An unpublished opinion of the North Carolina Court of Appeals does not constitute controlling legal authority. Citation is disfavored, but may be permitted in accordance with the provisions of Rule 30(e)(3) of the North Carolina Rules of Appellate Procedure.

NO. COA05-1217

NORTH CAROLINA COURT OF APPEALS

Filed: 19 September 2006

STATE OF NORTH CAROLINA

v .                         Randolph County
                            Nos. 02 CRS 11019
JOSE OSCAR GONZALEZ-MURO,            02 CRS 53703
        Defendant.

    Appeal by defendant from judgment entered 17 March 2005 by Judge Edwin G. Wilson, Jr. in Randolph County Superior Court. Heard in the Court of Appeals 6 June 2006.

    Attorney General Roy Cooper, by Assistant Attorney General Anita LeVeaux, for the State.

    Brian Michael Aus for defendant-appellant.

    GEER, Judge.

    Defendant Jose Oscar Gonzalez-Muro appeals from convictions of first degree statutory sexual offense and taking indecent liberties with a child. On appeal, defendant principally argues that the trial court erred by denying his motion to dismiss the first degree statutory sexual offense charge for insufficient evidence, because, according to defendant, the State presented no evidence that he committed a "sexual act" upon the victim. We hold that the evidence, when viewed in the light most favorable to the State, as required by our standard of review, is sufficient to permit a jury to find that defendant penetrated the child digitally, and the trial court, therefore, properly denied the motion to dismiss. We find defendant's remaining arguments likewise to be without meritand, consequently, hold that defendant received a trial free of prejudicial error.

Facts

    The State's evidence at trial tended to show the following facts. On 13 June 2002, "Matthew" and his wife, "Barbara," took their four-year-old daughter, "Tina", to the home of her babysitter, Vereanda Flores, as they had been doing regularly for approximately seven months.   (See footnote 1)  When Barbara picked up Tina several hours later, she was crying and complaining of pain in her vaginal area.
    Matthew suspected Tina was "dirty," and Barbara took Tina into the bathroom to give her a bath. There, Tina told Barbara that she had to urinate, but "wouldn't do it because she said it hurt." Tina reported that, while she was at Mrs. Flores' home, defendant, who was Mrs. Flores' husband, had taken Tina into a room, pulled her pants down, and "got her . . . part with his hands." Tina was pointing to her vaginal area while describing where defendant had "got[ten] her."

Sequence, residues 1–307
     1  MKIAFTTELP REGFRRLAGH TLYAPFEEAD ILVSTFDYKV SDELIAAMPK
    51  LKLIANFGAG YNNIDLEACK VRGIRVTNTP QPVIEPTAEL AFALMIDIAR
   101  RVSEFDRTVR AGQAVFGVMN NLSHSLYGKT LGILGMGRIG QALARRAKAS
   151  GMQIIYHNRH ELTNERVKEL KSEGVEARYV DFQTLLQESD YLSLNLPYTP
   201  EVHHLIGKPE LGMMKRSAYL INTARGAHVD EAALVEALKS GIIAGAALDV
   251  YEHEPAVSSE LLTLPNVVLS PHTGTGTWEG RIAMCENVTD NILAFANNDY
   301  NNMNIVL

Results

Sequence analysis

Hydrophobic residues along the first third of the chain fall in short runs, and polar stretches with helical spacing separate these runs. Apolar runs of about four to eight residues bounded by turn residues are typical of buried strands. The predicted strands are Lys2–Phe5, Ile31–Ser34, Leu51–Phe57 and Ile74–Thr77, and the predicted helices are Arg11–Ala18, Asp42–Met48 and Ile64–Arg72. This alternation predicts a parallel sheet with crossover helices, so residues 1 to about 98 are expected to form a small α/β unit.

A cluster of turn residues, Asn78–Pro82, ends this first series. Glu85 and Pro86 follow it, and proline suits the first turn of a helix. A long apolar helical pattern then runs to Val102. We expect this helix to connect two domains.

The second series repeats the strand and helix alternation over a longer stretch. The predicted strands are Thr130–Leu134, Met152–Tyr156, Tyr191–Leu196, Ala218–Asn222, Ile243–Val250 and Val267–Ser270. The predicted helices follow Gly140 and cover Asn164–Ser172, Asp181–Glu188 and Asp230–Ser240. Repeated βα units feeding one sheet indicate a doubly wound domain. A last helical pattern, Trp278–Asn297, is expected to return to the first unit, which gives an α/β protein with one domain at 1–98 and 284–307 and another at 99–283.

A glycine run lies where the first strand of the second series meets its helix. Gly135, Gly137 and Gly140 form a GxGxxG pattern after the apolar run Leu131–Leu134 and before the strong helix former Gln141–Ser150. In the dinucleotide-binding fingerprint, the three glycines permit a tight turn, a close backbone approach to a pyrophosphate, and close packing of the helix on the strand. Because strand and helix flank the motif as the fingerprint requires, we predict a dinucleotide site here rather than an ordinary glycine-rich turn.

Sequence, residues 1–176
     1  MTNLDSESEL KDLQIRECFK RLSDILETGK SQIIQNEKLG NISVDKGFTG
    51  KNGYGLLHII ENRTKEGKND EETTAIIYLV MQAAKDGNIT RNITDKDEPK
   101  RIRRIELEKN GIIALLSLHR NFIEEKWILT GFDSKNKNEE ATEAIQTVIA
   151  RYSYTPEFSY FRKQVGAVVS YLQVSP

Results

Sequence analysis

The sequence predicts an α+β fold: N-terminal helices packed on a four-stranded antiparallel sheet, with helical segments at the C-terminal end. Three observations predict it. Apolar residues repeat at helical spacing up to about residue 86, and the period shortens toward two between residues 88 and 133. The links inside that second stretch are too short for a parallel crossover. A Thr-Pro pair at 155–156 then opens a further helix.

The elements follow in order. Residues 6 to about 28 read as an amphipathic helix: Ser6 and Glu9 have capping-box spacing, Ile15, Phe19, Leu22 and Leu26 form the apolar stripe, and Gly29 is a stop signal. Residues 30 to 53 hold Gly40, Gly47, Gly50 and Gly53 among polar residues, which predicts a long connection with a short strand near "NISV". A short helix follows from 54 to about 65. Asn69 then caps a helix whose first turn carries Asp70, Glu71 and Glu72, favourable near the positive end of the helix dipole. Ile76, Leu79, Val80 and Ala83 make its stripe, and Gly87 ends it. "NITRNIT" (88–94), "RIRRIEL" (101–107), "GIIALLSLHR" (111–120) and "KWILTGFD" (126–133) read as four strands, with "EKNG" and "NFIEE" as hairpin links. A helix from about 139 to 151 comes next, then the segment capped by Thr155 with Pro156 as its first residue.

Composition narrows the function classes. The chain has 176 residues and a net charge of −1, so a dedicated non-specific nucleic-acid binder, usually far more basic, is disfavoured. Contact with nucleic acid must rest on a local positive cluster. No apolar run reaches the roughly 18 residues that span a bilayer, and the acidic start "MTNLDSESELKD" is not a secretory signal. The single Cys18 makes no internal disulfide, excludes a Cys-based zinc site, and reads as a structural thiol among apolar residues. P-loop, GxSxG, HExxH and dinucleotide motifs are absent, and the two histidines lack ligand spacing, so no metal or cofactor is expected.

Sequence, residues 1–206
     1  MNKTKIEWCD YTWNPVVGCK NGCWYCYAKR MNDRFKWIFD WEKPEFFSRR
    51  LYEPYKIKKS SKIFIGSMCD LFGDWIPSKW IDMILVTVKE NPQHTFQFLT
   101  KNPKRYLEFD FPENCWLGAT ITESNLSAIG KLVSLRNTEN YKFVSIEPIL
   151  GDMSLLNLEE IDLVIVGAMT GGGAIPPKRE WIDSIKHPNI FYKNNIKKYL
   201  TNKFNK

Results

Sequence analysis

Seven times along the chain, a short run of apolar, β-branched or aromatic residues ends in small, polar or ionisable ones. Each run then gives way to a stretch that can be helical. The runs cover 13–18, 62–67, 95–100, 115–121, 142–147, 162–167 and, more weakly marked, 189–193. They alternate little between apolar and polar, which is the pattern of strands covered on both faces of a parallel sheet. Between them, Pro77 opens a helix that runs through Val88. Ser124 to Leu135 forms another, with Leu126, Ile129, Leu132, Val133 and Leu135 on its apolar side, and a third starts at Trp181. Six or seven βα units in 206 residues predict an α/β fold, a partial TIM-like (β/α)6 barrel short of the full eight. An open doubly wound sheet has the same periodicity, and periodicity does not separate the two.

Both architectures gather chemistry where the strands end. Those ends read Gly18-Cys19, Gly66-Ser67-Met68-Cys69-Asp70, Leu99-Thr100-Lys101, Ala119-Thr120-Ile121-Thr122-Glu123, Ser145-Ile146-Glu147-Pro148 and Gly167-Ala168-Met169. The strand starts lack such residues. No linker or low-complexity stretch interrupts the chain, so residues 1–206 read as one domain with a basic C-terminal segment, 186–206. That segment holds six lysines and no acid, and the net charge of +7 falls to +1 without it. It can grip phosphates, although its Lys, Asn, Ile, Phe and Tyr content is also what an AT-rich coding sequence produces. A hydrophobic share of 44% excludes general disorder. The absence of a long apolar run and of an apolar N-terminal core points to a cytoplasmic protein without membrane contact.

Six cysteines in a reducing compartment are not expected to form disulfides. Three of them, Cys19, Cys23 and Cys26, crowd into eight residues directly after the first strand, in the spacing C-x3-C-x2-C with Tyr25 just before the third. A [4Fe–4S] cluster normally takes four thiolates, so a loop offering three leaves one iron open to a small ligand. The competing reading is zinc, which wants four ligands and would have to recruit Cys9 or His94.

After Barbara told Matthew what Tina had said, they returned to Mrs. Flores' house to confront her. Mrs. Flores called defendant, who had since gone to work, and he returned home. Defendant denied the accusations, but, according to Matthew, acted "really nervous" and not "angry."     Matthew and Barbara went back home and took Tina, who was still crying and saying that her vaginal area hurt, to Randolph County Hospital. While there, Tina was examined by Dr. Michael Anthony Polito, whose examination included an assessment of Tina's genital area to find "any sign of penetration or injury." Dr. Polito found "a very small skin tear at the inferior border of the vagina, where the mucosa or mucosal part of the vagina meets the skin, very small, a couple of millimeters." Dr. Polito believed that the injury likely occurred within the past 24 hours and was consistent with Tina's complaints of sexual abuse.
    Detective James Rex Briles, Jr. of the Asheboro City Police Department interviewed Tina. Upon the detective's arrival at the hospital, he noticed that "[i]t was obvious . . . that [Tina] had been crying." After interviewing Tina, Detective Briles spoke with defendant. Defendant said that he had been at home when Tina was there and had been watching television while Tina and several other children were sleeping on the floor. Defendant denied any wrongdoing and told Detective Briles he had never been in a bedroom alone with Tina. His wife, however, told Detective Briles that she had observed defendant exiting his bedroom with Tina.
    On 2 December 2002, defendant was indicted for first degree statutory sexual offense with a child and taking indecent liberties with a child. On 17 March 2005, a jury convicted him of both charges. The trial court consolidated both charges for judgment and entered a sentence in the mitigated range of 144 to 182 months imprisonment. Defendant timely appealed to this Court.